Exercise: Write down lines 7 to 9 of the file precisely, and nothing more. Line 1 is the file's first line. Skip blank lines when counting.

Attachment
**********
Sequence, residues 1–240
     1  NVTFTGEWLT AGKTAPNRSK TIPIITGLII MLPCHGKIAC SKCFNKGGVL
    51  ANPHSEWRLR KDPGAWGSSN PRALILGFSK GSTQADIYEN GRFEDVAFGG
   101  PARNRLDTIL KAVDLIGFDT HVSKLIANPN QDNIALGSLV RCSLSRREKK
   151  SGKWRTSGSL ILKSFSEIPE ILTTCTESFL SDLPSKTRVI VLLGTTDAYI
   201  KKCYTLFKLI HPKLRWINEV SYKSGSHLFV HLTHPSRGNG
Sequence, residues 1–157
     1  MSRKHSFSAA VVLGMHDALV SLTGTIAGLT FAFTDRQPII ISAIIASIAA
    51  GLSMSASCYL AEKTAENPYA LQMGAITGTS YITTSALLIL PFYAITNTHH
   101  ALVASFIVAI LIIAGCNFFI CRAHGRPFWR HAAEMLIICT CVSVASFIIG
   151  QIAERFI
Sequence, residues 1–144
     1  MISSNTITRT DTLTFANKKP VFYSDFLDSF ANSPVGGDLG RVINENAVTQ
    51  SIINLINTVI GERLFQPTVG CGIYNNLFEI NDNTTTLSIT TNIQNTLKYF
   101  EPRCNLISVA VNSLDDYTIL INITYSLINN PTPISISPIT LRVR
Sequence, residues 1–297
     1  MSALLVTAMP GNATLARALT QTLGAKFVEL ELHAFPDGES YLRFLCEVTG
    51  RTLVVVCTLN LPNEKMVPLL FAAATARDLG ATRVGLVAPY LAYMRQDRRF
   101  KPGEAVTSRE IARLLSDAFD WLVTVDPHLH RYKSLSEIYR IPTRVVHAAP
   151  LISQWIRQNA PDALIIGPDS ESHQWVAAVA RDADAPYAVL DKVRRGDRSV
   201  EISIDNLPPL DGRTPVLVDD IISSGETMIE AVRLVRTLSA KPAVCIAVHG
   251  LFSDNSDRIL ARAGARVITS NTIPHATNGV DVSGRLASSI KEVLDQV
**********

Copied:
Sequence, residues 1–157
     1  MSRKHSFSAA VVLGMHDALV SLTGTIAGLT FAFTDRQPII ISAIIASIAA
    51  GLSMSASCYL AEKTAENPYA LQMGAITGTS YITTSALLIL PFYAITNTHH